Another recent trip took them down the Po River, ending with a long stay in Venice. However, Soroff says most of their tours have been through Germany because of its rich history, which is highlighted by expert local guides. —Grace Merritt
Soroff, left, and DeRose Manz on a riverboat cruise.
Benjamin Buehler ’10 (ENG); Jessica (Cavalieri) Varrone ’10 (NUR); Jeffrey Fisco ’10 (CLAS); Amy Thees ’10 (CAHNR); Sonal (Mehta) Fisco ’10 (CAHNR); Sonia (Patel) Bourgelas ’10 (CAHNR); Jason Quint ’10 (PHARM), ’12 Pharm.D.; Krista (Sumski) Linder ’10 (CLAS); Callie-Jean Tuthill ’11 (NUR); John Varrone ’10 (ED)
Assigned to Windham Hall in North Campus their freshman year, Sonal Mehta ’10 (CAHNR); Sonia Patel ’10 (CAHNR); Krista Sumski ’10 (CLAS); and Amy Thees ’10 (CAHNR), ’19 MBA, ’21 Ph.D. swiftly bonded during their first weekend at college. They soon met roommates Jeffrey Fisco ’10 (CLAS) and Benjamin Buehler ’10 (ENG), who claimed to have the “biggest room” in the dorm.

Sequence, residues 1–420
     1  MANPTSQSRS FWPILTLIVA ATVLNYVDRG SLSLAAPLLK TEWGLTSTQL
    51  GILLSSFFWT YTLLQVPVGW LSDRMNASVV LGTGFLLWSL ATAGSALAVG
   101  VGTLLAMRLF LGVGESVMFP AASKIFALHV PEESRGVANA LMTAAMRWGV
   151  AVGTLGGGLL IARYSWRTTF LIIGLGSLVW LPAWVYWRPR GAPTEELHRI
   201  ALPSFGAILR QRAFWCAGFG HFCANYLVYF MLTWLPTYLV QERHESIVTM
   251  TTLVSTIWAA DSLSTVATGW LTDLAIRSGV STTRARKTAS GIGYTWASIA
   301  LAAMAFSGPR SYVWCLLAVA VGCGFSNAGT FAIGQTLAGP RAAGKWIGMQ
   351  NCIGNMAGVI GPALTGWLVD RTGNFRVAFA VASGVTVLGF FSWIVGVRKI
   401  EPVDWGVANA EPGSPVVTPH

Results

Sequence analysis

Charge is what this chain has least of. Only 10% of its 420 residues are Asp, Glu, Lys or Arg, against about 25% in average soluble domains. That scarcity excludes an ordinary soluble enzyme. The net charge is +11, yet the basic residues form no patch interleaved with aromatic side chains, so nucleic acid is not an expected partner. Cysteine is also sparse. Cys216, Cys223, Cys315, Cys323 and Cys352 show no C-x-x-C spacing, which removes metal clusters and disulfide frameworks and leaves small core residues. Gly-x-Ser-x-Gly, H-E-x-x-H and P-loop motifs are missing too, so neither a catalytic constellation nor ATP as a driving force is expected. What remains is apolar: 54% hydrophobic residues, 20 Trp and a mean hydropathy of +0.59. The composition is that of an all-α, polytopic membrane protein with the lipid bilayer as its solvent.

The six began to hang out in that room, where they later met Jessica (Cavalieri) Varrone ’10 (NUR) and John Varrone ’10 (ED). The group formed a strong bond, and brought other friends in from sports and clubs. “They all joined together, creating a large friend circle,” says Mehta, now Fisco.
Starting in 2013, the broader circle of friends has met every November for a Friendsgiving meal. The group has also celebrated many UConn weddings over the years, including Buehler and Callie-Jean Tuthill ’11 (NUR) in 2013, the Varrones in 2014, the Fiscos in 2015, and Thees and Jason Quint ’10 (PHARM), ’12 Pharm.D. in 2021.